We are interested in understanding how epigenetic marks are placed, read and interpreted on chromatin. Chromatin becomes decorated with post-translational modifications to control the myriad of DNA-related processes in the cell. We create modified chromatin using chemical biology and biochemical methods. We then use our defined modified chromatin to study individual nucleosome-chromatin protein complexes using single-particle cryo-electron microscopy (cryo-EM), Biochemical, Biophysical and Cell Biology approaches to investigate histone marks and DNA methylation.
How is DNA Methylation guided by chromatin?
DNA methylation is a common epigenetic mark that is often associated with turning off genes and compacting DNA. Other epigenetic marks have the power to regulate DNA methylation, controlling when and where DNA methylation is placed on DNA, but we do not understand how this works. We are rebuilding the DNA methylation machinery within chromatin to help us answer this question.
DNA methylation is a highly regulated process, so by looking at the structure of themethylation machinery and the modified nucleosomes we hope to understand how methylation is targeted at specific times and to specific sites on DNA, hopefully helping us to understand how this process can become faulty leading to disease.
How do post-translational modifications foster DNA repair?
DNA is under constant attack, which can cause unwanted genetic mutations and cancer. Luckily our cells have a host of DNA repair proteins, which help to fix most of the damage. These highly efficient repair proteins are recruited to sites of damage by recognition of DNA damage-specific marks on chromatin. We are hoping to understand how DNA damage is signaled on chromatin and how this leads to correct repair.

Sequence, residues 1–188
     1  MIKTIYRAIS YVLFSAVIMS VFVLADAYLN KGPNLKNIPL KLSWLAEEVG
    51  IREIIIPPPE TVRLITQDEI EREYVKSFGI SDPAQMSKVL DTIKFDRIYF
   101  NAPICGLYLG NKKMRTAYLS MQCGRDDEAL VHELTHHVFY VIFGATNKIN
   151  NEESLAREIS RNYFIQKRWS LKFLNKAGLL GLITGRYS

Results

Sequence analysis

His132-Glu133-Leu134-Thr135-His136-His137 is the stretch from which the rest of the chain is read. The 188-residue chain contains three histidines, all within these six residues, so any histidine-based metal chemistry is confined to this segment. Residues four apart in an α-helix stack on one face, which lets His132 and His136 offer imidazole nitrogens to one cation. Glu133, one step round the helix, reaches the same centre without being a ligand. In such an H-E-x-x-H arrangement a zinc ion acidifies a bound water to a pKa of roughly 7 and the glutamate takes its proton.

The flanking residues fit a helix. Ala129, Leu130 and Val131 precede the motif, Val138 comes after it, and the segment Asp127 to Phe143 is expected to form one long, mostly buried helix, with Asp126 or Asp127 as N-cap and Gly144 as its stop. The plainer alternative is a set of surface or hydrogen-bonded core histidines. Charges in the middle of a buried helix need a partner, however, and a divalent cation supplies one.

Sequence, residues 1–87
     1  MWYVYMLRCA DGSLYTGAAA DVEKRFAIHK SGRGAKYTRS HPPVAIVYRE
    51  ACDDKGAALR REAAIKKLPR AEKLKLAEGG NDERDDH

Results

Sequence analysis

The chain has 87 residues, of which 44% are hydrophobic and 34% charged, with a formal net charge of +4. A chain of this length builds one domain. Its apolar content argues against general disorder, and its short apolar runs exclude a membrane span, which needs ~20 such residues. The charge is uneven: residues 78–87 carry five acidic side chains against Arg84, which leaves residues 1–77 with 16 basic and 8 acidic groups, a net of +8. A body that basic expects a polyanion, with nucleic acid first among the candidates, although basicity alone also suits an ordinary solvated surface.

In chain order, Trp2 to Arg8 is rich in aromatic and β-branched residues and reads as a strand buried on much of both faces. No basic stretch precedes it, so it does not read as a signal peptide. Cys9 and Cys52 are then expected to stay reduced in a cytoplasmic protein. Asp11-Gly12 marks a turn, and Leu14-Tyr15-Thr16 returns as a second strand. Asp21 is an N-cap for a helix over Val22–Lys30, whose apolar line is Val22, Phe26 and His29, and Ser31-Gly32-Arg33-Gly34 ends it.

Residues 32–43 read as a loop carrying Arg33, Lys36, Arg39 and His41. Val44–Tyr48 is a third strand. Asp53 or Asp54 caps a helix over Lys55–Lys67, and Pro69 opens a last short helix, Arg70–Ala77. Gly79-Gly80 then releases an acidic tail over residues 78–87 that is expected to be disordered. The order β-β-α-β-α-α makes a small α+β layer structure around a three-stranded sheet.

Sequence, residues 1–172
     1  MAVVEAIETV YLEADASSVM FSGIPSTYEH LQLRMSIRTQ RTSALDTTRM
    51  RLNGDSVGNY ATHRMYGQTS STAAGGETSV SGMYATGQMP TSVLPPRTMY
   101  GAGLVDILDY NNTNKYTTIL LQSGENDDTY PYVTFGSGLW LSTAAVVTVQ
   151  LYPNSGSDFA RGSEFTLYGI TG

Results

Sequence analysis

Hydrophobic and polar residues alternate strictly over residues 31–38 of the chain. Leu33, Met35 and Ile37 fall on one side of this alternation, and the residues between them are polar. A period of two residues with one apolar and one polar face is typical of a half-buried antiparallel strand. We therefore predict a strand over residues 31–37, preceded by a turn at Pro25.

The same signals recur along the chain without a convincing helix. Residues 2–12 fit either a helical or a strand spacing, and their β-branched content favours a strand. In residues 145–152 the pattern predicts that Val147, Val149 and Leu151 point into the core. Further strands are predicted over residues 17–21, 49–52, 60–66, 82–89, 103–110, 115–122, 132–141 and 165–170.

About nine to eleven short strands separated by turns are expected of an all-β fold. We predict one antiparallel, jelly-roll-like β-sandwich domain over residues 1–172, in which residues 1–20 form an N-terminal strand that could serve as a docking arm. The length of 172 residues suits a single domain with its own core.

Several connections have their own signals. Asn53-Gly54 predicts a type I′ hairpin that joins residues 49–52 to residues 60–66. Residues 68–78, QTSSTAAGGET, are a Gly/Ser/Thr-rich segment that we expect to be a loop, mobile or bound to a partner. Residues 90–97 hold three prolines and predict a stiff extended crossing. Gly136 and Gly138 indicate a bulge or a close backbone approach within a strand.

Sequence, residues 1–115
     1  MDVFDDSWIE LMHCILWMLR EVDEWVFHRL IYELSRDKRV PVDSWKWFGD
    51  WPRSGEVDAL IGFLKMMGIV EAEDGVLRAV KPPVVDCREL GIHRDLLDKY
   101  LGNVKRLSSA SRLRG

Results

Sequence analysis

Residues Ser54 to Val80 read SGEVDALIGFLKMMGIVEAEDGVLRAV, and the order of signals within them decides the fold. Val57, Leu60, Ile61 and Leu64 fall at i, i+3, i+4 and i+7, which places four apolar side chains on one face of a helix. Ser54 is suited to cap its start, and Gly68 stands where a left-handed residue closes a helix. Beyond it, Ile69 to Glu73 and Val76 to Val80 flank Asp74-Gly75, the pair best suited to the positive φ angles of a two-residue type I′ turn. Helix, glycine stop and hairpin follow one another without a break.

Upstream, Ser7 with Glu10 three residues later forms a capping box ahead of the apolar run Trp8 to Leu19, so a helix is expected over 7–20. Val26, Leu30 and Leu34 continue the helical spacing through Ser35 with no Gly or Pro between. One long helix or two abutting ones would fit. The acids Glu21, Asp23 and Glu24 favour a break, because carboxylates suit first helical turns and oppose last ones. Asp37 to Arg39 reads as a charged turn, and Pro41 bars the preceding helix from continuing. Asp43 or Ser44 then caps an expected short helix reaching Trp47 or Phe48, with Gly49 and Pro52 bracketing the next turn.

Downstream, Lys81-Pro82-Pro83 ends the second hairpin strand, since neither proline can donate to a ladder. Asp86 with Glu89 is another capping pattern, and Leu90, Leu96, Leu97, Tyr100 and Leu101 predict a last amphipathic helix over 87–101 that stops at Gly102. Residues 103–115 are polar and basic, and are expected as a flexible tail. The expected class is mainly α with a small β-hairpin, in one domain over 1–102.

Nucleosome modifications act as a central signaling hub in this network to organise responses to a neighbouring break. While many factors are known to localise to modified DSB-adjacent chromatin, the exact function and binding of many of these proteins is unclear. We plan to focus on biochemically and structurally characterising nucleosome ubiquitylation proteins involved in DNA damage repair.
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- Wilson, M.D.¶, and Durocher, D. (2017). Reading chromatin signatures after DNA double-strand breaks. Philos Trans R Soc Lond B Biol Sci 372. PubMed
- Kitevski-LeBlanc, J., Fradet-Turcotte, A., Kukic, P., Wilson, M.D., Portella, G., Yuwen, T., Panier, S., Duan, S., Canny, M.D., van Ingen, H., et al. (2017). The RNF168 paralog RNF169 defines a new class of ubiquitylated histone reader involved in the response to DNA damage. Elife 6. PubMed
- Wilson, M.D.¶, and Costa, A.¶ (2017). Cryo-electron microscopy of chromatin biology. Acta Crystallogr D Struct Biol 73, 541-548. PubMed
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* co-first authors ¶ corresponding author(s)